Pakistani political leader vows return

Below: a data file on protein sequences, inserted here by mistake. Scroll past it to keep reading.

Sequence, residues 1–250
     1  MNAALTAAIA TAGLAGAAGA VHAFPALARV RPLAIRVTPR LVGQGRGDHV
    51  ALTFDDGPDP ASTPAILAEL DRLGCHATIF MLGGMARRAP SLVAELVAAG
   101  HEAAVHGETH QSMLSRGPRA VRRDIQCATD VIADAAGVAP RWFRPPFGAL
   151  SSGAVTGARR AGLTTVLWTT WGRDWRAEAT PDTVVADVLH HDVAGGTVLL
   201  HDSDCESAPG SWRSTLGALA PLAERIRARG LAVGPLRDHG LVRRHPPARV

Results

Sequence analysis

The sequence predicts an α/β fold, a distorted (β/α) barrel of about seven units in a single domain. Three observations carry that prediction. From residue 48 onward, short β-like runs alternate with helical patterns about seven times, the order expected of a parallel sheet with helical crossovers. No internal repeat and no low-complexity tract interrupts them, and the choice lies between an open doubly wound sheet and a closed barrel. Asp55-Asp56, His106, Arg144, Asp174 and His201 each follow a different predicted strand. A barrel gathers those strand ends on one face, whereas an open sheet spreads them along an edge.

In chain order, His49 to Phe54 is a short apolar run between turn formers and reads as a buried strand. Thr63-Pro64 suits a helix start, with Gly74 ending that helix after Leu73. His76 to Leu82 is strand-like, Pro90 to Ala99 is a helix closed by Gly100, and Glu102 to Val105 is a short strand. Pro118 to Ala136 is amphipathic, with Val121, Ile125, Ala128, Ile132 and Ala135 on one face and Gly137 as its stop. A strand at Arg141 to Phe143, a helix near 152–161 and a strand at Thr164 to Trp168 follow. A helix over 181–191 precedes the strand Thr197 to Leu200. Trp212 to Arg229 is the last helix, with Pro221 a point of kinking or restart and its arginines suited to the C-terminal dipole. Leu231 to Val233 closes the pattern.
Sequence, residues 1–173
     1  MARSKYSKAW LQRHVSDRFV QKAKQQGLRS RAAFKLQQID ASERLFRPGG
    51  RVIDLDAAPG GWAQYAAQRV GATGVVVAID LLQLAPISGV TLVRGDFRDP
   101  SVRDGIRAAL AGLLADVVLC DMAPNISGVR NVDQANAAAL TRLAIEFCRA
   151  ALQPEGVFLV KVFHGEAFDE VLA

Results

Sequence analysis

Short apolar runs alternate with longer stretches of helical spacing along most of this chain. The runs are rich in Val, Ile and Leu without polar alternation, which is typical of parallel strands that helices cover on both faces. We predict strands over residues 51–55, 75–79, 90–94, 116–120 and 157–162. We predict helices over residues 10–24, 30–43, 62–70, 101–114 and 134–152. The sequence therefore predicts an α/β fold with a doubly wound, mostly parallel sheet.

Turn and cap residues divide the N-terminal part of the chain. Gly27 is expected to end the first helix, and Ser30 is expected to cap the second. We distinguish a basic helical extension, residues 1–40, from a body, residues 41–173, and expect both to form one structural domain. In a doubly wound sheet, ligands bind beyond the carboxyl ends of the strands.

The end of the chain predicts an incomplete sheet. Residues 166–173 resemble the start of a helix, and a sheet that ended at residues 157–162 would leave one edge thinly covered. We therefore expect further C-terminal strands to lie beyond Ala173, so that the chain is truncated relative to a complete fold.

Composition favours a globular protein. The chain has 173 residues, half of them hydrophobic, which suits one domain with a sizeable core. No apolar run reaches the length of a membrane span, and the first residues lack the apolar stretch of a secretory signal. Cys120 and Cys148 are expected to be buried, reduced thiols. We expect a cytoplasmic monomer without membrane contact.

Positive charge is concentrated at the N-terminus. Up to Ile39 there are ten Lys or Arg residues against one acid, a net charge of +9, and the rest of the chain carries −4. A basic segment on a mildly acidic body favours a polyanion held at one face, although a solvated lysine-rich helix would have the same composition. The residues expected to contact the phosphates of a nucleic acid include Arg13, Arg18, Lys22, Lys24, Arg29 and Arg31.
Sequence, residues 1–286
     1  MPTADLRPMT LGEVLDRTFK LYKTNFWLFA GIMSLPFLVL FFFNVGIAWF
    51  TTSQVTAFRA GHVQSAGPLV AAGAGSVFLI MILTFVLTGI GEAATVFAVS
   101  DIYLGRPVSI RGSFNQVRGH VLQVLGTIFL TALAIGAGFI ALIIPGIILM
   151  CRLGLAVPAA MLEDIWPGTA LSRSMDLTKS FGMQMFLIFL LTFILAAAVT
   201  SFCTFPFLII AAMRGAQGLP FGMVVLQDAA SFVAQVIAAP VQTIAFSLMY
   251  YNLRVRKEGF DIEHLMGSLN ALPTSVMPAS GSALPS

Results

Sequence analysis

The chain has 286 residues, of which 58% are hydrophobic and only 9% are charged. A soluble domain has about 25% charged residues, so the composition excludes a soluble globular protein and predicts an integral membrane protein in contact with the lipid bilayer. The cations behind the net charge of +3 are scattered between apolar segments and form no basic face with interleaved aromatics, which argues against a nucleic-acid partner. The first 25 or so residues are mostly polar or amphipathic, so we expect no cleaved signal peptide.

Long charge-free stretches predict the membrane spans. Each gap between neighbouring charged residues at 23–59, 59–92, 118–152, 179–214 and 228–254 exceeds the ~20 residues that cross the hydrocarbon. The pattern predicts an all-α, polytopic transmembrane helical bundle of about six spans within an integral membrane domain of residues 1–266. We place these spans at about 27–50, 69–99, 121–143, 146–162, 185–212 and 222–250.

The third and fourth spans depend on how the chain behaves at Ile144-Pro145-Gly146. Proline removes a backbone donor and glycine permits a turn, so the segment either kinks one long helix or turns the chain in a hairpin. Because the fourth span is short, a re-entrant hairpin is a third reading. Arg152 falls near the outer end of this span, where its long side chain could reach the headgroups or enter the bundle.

LONDON – An embittered former Pakistani prime minister vowed Thursday to return home from exile next month to fight the attempt by President Gen. Pervez Musharraf to extend his military rule.Nawaz Sharif said he would set foot in Pakistan on Sept. 10 after seven years away, setting up a three-cornered fight for power in a front-line state of the U.S.-led war on terrorism.”The battle lines in Pakistan are clearly drawn. On one side you have the people loyal to democracy … on the other side are the forces of a dying dictatorship,” Sharif said at a news conference called to discuss his plans.He condemned an announcement by Benazir Bhutto, another exiled ex-premier and Sharif’s longtime political rival, that she was close to a power-sharing deal with Musharraf, who agrees with her relatively liberal, pro-Western outlook.Bhutto claimed Musharraf agreed to step down as head of Pakistan’s army and end military rule eight years after the general ousted Sharif in a bloodless coup. A spokesman for Musharraf said Thursday no decision had been made but it was being discussed.Sharif, who heads a conservative, secularist party, said he would lead opposition to any agreement that prolonged Musharraf’s regime.”Musharraf’s uniform is not an issue. The real issue is his illegitimate rule,” Sharif said. “This man Musharraf is on his way out. No one should try to rescue him.”Pakistan’s Supreme Court ruled last week that Musharraf’s government could not prevent Sharif and his politician brother from returning home.However, government officials have said Sharif could be re-arrested upon reaching Pakistani soil on charges dating from the 1999 coup.Sharif dismissed the threat, saying that in jail he might become a powerful symbol for Musharraf’s opponents.”I will go to Pakistan. I will launch my struggle irrespective of if he arrests me or doesn’t … We are not scared of what will happen to us – we have seen enough of it,” Sharif said.The Bush administration is publicly neutral on Sharif and says the question of whether he returns is up to the Pakistani people in accordance with their constitution.The administration is leery of Sharif, however, because of his past history and reputation. Sharif was viewed as ineffectual against terrorism while in office and tarnished by persistent allegations of corruption.Sharif said he would fly to Islamabad shortly before the start of the Muslim holy month of Ramadan, accompanied by senior members of his party and a contingent of mostly foreign journalists. From there, he plans to drive to his power base in the eastern city of Lahore.Dozens of Sharif supporters danced and distributed candies in the streets of Lahore to celebrate his announcement. Activists earlier paraded a chained lion – one of his political symbols – and chanted “Go, Musharraf, go!”In comments aired Thursday evening but recorded earlier, Musharraf said he was “confident that we will be able to maintain political stability” as the country prepares for a presidential ballot by legislators and for parliamentary elections at the end of the year.”My election and the election for the National Assembly must be held on time, and there should be no disturbance,” Musharraf said on state-owned Pakistan Television.But he also alluded to his emergency powers, with which he could impose martial law to quell political unrest. “Martial law or emergency are not the future of Pakistan, but Pakistan comes first,” he said.In Washington, State Department spokesman Tom Casey declined to comment directly on the idea of the U.S.-allied Musharraf stepping down as Pakistan’s army chief. “These are decisions that are still being worked through and have yet to be made, and I’d simply let the Pakistani political process work through these issues,” he said.Before the Supreme Court ruled, Musharraf had vowed to prevent both Bhutto and Sharif from entering Pakistan, blaming them for corruption and economic problems that nearly bankrupted the country in the 1990s, when each had two turns as prime minister.The president’s political base has eroded since he tried unsuccessfully tried to remove the high court’s chief judge earlier this year, touching off widespread street protests against military rule.With his popularity slumping, Musharraf has edged toward an alliance with Bhutto and her moderate Pakistan People’s Party in hopes that he can be re-elected as a strong civilian president backed by a friendly parliament.Under the proposed pact, the government would drop corruption cases against Bhutto to allow her to return home by December and abolish regulations that prevent her from serving a third term as prime minister.Bhutto says the confidence Musharraf enjoys in the international community and Pakistan’s army makes him a force for stability. But Sharif denounces the leader as a dictator who has led Pakistan into crisis, and his return could trigger political turmoil.Bhutto’s party and the pro-Musharraf Pakistan Muslim League-Q could combine for a victory in parliamentary elections. But Sharif controls the country’s other main party, the Muslim League-N, which could form the core of an antagonistic opposition bloc able to mobilize large-scale street demonstrations.Although he is a secularist, Sharif has aligned with Islamist parties that accuse Musharraf of betraying Pakistan’s national interests by allying with Washington and turning against Afghanistan’s Taliban regime after the Sept. 11 attacks on the United State.